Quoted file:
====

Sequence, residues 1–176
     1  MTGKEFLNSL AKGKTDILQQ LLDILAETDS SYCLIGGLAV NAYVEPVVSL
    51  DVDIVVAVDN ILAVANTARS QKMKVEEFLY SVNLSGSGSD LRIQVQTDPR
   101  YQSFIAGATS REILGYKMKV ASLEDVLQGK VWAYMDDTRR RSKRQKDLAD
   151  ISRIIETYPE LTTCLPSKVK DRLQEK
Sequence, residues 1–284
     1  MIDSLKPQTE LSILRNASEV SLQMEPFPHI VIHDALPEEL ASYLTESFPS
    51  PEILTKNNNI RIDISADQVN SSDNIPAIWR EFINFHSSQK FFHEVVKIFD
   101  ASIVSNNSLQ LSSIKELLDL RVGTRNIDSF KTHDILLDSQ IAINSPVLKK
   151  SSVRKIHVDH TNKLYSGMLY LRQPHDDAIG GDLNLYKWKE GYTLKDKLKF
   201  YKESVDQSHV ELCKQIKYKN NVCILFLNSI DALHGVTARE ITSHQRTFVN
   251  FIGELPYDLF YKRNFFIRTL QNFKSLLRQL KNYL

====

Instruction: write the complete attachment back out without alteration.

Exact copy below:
Sequence, residues 1–176
     1  MTGKEFLNSL AKGKTDILQQ LLDILAETDS SYCLIGGLAV NAYVEPVVSL
    51  DVDIVVAVDN ILAVANTARS QKMKVEEFLY SVNLSGSGSD LRIQVQTDPR
   101  YQSFIAGATS REILGYKMKV ASLEDVLQGK VWAYMDDTRR RSKRQKDLAD
   151  ISRIIETYPE LTTCLPSKVK DRLQEK
Sequence, residues 1–284
     1  MIDSLKPQTE LSILRNASEV SLQMEPFPHI VIHDALPEEL ASYLTESFPS
    51  PEILTKNNNI RIDISADQVN SSDNIPAIWR EFINFHSSQK FFHEVVKIFD
   101  ASIVSNNSLQ LSSIKELLDL RVGTRNIDSF KTHDILLDSQ IAINSPVLKK
   151  SSVRKIHVDH TNKLYSGMLY LRQPHDDAIG GDLNLYKWKE GYTLKDKLKF
   201  YKESVDQSHV ELCKQIKYKN NVCILFLNSI DALHGVTARE ITSHQRTFVN
   251  FIGELPYDLF YKRNFFIRTL QNFKSLLRQL KNYL